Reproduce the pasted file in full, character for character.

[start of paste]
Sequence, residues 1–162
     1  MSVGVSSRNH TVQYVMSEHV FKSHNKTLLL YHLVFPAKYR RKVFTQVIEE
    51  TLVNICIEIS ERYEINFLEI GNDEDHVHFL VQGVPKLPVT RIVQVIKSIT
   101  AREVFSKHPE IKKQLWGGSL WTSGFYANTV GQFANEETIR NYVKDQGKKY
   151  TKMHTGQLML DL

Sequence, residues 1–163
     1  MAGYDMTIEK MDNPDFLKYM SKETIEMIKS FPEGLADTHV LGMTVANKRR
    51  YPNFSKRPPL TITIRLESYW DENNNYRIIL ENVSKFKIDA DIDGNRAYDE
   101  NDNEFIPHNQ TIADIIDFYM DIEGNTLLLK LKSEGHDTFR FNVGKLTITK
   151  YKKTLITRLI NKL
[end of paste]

Sequence, residues 1–162
     1  MSVGVSSRNH TVQYVMSEHV FKSHNKTLLL YHLVFPAKYR RKVFTQVIEE
    51  TLVNICIEIS ERYEINFLEI GNDEDHVHFL VQGVPKLPVT RIVQVIKSIT
   101  AREVFSKHPE IKKQLWGGSL WTSGFYANTV GQFANEETIR NYVKDQGKKY
   151  TKMHTGQLML DL

Sequence, residues 1–163
     1  MAGYDMTIEK MDNPDFLKYM SKETIEMIKS FPEGLADTHV LGMTVANKRR
    51  YPNFSKRPPL TITIRLESYW DENNNYRIIL ENVSKFKIDA DIDGNRAYDE
   101  NDNEFIPHNQ TIADIIDFYM DIEGNTLLLK LKSEGHDTFR FNVGKLTITK
   151  YKKTLITRLI NKL